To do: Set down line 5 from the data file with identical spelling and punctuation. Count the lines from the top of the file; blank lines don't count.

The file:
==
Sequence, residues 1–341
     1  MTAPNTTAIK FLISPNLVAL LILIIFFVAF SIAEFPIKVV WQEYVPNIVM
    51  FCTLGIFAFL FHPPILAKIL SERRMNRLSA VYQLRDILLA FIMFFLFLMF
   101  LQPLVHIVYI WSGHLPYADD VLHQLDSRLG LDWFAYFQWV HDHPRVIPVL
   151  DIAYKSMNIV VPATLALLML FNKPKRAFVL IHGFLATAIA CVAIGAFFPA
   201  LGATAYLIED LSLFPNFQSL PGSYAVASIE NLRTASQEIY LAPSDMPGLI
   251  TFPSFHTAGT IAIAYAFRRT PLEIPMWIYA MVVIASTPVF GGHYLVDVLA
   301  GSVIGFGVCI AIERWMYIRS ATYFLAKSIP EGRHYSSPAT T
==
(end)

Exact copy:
   151  DIAYKSMNIV VPATLALLML FNKPKRAFVL IHGFLATAIA CVAIGAFFPA